Educating Paleontologists for the Next Millenium--the Oil Industry: To Be or Not To Be
H. Richard Lane
Education of exploration/exploitation Paleontologists for the next millennium must change. The industry Paleontologist' image, like much of the rest of paleontology, is a consequence of past working values, not future ones. An accurate image of the Paleontologist in industry today is that of a business-oriented, integrator of information from paleontology, geology, geophysics, and engineering. In contrast, the traditional and prevalent image is one of a non-business-oriented scientist, working largely behind a microscope, picking and identifying microfossils. This 'bug-picker' produces lists of trinomials, while arguing with fellow Paleontologists about species identifications, synonymies, and ages, befuddling the Explorationist/customer and undermining the credibility of paleontology. This image is a product of our educational system, the oil industry and an historical unwillingness to produce business-focused results. It so pervades industry that the terms paleontology and Paleontologist are avoided in favor of biostratigraphy and Biostratigrapher. Industry paleontology's plight is aggravated further by Jurassic Park-type publicity, a goose and gander dilemma, which depicts the Paleontologist as a blue-sky researcher-hobbyist with little practical outlet for the fruits of her/his labor, except for museum foyer dinosaur reconstructions and a spot on the annual elementary science curriculum.
In the new paleontological paradigm, data generation in the form of species lists will occur mostly outside the majors, being acquired through outsourcing to museums, academia and consultanting firms. Such information will be quality-controlled and synthesized by the industry Paleontologist into a form that gives it geological, geophysical, and engineering relevance.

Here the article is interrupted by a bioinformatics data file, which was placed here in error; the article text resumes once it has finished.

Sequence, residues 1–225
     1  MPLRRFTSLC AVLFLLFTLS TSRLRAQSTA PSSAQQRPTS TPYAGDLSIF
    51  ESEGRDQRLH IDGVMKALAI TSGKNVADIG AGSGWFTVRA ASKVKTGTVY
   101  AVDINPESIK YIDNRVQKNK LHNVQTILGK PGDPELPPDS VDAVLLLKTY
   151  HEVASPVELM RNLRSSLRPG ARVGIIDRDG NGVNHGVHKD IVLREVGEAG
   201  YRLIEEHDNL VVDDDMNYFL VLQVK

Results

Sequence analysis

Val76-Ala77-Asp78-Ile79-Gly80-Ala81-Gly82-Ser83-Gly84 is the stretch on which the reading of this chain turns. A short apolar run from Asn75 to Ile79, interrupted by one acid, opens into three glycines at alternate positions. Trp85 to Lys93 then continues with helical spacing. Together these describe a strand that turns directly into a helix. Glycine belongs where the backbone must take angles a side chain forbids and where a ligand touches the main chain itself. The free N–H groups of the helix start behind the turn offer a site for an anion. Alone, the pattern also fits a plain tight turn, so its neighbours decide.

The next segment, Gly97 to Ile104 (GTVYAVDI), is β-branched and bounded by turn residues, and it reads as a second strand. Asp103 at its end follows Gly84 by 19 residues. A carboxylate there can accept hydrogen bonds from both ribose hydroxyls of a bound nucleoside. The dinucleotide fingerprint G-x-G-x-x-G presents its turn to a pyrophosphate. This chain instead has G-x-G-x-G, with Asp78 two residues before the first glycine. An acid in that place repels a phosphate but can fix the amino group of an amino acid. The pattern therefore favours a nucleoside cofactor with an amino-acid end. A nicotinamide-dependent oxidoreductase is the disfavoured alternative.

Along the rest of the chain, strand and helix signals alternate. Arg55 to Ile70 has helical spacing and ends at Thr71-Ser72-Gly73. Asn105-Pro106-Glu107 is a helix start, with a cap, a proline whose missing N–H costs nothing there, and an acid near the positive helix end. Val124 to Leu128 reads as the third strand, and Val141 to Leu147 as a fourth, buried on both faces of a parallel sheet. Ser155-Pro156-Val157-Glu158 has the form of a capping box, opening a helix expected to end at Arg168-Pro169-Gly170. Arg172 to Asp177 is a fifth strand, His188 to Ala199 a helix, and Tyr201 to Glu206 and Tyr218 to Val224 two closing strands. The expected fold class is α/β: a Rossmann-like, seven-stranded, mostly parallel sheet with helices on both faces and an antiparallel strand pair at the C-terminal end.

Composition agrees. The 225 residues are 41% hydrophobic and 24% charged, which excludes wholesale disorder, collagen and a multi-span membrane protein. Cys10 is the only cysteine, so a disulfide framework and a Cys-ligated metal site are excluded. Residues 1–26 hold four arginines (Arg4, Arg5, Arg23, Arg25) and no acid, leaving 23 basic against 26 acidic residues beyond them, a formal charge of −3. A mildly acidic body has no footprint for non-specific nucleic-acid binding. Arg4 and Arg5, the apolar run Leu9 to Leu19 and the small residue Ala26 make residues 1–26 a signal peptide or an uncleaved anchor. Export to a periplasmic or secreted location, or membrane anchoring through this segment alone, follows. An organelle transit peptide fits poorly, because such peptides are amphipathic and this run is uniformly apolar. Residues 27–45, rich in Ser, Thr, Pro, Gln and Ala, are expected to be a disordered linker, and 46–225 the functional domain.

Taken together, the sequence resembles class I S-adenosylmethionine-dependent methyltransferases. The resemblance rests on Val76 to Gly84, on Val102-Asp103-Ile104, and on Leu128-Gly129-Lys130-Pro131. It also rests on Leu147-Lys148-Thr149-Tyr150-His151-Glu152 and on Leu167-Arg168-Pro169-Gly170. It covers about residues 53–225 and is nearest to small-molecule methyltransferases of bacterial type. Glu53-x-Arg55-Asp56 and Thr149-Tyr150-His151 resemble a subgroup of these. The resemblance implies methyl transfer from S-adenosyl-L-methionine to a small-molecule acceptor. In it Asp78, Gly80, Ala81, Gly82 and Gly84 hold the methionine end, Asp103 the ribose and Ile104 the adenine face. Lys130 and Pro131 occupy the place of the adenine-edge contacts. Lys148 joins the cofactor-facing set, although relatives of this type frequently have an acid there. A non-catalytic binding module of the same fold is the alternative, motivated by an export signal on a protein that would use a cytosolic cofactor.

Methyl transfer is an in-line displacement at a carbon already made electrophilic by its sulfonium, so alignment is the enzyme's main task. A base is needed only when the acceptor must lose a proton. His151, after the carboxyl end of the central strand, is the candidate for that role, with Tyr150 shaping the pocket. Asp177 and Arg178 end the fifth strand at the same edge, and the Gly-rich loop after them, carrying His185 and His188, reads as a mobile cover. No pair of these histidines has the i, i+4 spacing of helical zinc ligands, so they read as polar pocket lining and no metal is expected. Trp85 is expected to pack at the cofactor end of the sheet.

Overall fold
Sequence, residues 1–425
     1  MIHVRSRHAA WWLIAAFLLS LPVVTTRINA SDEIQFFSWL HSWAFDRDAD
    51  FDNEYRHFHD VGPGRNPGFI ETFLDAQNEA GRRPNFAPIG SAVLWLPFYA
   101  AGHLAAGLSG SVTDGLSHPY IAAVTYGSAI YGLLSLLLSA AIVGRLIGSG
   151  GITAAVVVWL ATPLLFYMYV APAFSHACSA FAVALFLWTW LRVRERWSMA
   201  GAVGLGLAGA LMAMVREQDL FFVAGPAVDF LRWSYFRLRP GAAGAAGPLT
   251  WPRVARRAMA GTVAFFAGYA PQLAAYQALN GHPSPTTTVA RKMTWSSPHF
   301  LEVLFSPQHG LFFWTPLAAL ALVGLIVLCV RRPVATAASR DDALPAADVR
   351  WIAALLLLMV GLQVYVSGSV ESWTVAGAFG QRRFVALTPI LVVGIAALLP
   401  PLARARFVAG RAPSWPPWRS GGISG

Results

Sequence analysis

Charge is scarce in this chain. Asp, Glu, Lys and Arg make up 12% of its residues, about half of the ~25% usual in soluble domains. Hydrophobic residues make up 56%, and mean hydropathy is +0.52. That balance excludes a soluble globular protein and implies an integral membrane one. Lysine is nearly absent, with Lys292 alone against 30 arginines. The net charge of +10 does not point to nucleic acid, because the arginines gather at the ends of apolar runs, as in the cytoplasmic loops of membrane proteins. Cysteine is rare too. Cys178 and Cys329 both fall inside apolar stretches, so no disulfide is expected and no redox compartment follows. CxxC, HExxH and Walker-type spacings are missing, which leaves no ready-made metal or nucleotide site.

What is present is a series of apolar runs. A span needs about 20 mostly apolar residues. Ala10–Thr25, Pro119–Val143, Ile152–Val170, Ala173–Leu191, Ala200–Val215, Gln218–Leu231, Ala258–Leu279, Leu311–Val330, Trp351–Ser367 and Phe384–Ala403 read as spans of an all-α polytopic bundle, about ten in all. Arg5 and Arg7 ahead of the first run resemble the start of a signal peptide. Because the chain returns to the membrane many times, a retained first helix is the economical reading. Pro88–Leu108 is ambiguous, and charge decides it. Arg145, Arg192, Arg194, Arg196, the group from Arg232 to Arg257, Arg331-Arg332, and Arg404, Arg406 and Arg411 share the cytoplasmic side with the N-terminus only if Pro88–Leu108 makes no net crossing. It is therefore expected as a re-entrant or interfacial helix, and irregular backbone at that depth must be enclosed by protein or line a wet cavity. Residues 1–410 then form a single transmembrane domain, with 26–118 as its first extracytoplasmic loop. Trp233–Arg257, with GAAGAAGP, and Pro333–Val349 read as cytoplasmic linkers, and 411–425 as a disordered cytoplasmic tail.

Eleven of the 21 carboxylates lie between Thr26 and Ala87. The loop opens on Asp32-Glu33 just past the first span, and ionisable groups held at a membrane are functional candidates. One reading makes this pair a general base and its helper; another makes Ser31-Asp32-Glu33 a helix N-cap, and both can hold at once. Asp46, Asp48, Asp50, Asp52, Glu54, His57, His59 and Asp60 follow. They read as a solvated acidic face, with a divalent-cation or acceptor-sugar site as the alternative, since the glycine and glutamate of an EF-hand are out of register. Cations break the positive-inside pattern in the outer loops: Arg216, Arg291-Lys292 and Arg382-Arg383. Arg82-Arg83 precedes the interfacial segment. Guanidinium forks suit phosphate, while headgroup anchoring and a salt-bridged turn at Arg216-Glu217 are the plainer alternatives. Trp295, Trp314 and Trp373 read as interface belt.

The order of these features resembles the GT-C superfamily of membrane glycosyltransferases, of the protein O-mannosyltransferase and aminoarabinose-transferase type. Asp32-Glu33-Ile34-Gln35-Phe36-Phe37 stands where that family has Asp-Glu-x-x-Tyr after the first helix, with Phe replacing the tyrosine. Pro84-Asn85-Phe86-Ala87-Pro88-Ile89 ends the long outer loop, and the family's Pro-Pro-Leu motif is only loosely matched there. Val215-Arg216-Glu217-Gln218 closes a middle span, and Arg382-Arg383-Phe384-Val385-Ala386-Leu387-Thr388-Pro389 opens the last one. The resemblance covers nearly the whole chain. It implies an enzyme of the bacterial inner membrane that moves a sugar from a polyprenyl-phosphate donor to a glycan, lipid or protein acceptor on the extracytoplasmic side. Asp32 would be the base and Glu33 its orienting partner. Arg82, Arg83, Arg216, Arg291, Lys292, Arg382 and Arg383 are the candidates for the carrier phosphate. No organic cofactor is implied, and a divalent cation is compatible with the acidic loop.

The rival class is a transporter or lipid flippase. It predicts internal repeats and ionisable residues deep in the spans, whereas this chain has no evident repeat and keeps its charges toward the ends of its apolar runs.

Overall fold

Education of Paleontologists for future careers in the industry must, therefore, better prepare them for a business environment, as well as grounding them well in ancillary technologies such as geophysics, geochemistry, stratigraphy, engineering, statistics, and computer science. Remedial paleontological/geoscience/engineering/business and related training and education of Paleontologists in their new industrial jobs must be mininized.
Finally, effective communication between industry and academic Paleontologists has been poor historically because, 1) academia has been a place of largely theoretical leaning only and, 2) industry, for reasons of propriety, has not allowed a sharing of information to promote a closer cooperation. This paradigm must change.
AAPG Search and Discovery Article #91020©1995 AAPG Annual Convention, Houston, Texas, May 5-8, 1995